Tuesday 25 October 2016

Joe's Irish troops to face biggest Oz test

Hosts must be on guard to repel another 100mph start from Australians - Kernan

Ireland captain Bernard Brogan during the captain’s call ahead of his side’s EirGrid International Rules clash with Australia at Croke Park tonight
Ireland captain Bernard Brogan during the captain’s call ahead of his side’s EirGrid International Rules clash with Australia at Croke Park tonight
Ireland manager Joe Kernan with Australia manager Alastair Clarkson

Joe Kernan has laid bare the extent of the challenge facing his Irish squad when they take on Australia in tonight's EirGrid International Rules test at Croke Park.

The veteran boss has led his club (Crossmaglen) and county (Armagh) to the All-Ireland summit, but he spoke yesterday like a man who expects one of the biggest managerial challenges he has ever faced at GAA HQ (7.0, live on RTÉ 2).

"This game is going 30 years - this is going to be the toughest test ever," Kernan predicted. "I'm not going back years ago when there was violence in it - it's going to be the toughest man-to-man, end-to-end game. They feel they have to prove themselves and we feel we have to prove ourselves."

This point was underlined by Australian skipper Luke Hodge at yesterday's captains call press conference, recalling how heavy defeats to Ireland in 2011 and 2013 prompted plenty of soul-searching from the AFL.

"We were embarrassed a bit," admitted Hodge. "There was a game out here where the Ireland boys kicked over 100 points. Looking back on it, our country needed to do something about that."

Now the boot is on the other foot as Ireland seek to atone for last year's disastrous first half in Perth: they trailed by 28 points, 35-7, before launching a pride-restoring fightback to eventually lose 56-46.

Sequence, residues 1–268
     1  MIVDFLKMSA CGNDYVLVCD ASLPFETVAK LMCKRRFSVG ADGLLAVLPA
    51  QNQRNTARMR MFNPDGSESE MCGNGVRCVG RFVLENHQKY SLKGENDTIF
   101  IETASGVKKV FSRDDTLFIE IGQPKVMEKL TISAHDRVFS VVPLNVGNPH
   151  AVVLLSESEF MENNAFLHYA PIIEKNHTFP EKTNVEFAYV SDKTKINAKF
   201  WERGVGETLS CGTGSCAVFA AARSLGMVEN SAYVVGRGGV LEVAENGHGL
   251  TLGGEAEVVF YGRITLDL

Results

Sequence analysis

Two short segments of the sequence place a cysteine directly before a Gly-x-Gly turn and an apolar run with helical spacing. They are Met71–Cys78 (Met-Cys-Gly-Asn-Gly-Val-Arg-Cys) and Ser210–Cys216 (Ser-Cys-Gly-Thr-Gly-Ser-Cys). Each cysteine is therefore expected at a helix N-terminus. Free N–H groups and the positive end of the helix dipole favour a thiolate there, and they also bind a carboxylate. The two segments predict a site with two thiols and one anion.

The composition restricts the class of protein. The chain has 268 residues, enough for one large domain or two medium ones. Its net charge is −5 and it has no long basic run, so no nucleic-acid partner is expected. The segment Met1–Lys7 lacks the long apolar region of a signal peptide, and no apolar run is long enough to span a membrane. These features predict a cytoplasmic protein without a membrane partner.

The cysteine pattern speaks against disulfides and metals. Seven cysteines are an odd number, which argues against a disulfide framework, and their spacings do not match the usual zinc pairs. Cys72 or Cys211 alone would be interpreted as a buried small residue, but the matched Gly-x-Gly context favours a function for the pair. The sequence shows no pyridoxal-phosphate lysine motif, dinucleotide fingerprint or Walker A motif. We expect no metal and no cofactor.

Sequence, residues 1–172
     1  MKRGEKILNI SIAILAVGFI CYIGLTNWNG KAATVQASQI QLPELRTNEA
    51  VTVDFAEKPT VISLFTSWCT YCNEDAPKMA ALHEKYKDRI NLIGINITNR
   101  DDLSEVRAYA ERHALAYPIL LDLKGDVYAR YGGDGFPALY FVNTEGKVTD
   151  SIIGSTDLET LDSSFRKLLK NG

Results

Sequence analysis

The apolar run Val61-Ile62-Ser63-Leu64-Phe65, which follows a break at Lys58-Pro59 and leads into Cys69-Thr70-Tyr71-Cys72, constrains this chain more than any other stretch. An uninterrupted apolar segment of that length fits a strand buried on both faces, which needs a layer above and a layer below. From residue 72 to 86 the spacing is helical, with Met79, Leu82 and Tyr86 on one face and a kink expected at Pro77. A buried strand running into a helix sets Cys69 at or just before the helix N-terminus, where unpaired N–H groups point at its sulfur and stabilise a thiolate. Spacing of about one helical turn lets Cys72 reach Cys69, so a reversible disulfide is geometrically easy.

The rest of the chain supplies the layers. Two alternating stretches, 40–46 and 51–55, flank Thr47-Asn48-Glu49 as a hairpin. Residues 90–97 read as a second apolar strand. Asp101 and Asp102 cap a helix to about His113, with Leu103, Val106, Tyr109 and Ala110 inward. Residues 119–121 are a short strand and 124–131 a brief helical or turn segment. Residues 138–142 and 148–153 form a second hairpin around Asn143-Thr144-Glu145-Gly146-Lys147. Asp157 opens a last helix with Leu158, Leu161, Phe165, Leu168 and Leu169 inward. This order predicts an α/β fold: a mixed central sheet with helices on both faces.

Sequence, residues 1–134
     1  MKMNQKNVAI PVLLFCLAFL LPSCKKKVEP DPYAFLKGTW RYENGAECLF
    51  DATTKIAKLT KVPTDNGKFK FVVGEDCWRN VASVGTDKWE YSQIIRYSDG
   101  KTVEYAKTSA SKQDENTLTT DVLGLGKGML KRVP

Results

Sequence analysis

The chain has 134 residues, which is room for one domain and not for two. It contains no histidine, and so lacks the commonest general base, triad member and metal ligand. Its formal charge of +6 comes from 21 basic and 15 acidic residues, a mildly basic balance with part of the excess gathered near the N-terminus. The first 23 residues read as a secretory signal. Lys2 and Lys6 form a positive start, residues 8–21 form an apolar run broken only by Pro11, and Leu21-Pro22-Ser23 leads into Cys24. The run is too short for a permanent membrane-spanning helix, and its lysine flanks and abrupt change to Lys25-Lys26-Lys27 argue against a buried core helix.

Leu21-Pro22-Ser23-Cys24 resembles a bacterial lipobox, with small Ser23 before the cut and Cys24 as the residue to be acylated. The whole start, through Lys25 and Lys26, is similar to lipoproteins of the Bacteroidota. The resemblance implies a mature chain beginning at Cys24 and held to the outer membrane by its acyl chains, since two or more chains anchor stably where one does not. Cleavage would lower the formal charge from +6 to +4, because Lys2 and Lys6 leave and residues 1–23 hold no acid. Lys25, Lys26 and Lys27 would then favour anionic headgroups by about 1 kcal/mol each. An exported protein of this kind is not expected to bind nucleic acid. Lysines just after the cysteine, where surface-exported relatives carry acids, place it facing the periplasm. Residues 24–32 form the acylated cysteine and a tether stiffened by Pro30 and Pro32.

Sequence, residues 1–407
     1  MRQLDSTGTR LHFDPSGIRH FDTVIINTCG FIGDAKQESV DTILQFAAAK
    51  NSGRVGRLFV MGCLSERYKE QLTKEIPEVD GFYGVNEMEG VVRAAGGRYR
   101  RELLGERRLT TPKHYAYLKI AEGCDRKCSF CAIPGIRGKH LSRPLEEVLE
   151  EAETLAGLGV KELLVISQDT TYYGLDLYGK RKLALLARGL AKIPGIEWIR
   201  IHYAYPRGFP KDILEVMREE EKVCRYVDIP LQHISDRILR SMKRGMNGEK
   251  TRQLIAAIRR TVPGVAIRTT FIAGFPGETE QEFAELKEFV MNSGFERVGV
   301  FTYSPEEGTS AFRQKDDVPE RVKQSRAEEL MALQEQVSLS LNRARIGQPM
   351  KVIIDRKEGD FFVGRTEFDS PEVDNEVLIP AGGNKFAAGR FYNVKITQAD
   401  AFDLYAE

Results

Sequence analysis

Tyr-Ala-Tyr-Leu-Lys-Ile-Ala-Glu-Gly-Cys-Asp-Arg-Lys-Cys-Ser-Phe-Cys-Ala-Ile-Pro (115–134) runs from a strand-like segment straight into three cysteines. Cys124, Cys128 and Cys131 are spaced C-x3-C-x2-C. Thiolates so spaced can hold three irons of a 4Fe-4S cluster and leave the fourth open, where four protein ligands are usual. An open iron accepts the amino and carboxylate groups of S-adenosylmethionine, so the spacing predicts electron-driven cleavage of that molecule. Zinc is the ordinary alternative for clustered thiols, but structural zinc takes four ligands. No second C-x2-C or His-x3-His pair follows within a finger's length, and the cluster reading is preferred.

Paul Earley was the manager back then but the lessons of that game have been heeded by Kernan. "This game is going to be a high tempo early on, and we want to have everybody tuned in," he warned. "If it does take off at 100 miles per hour, that we are able to cope ... the fact of the matter is they blew us out of the water last year. They will be wanting to do the same here again, and that's what we have to be ready for."

Bernard Brogan, skippering Ireland in what is his second series, echoed the same theme - that he expects a full-blooded contest rather than some harmless exhibition.

"We're not going in here to put on a spectacle - we obviously want to have a great game, but we're going to go hard, like the Australians will," the four-time All Star explained.


"We're amateur athletes but we always say we're professional in everything we do. We want to pit ourselves against the best in the world in sport and see where we're at. We wouldn't be coming out here (tonight) if we just thought we were going to make up the numbers. And Joe wouldn't be putting his time in over the last 12 weeks."

GAA officers are hoping for an attendance around the 40,000 mark tonight - an improvement on the 28,525 that watched the second test in that lopsided home series of 2013, but a far cry from the 82,127 that crammed Croke Park in 2006 for the incendiary second test that almost ended this sporting marriage for good.

"There've been big crowds and there hasn't always been fighting here in Croke Park," Kernan reflected.

"People want to know is it going to be competitive, is it going to be of high skill and will they be able to enjoy themselves? I hope that we perform to the best of our ability and we know the Australians, being professional, that when they come in they go to war.

"If we get it competitive, I always think there will be a chance people will want to see it. What we are doing is selling it for the next few years. That's our job."

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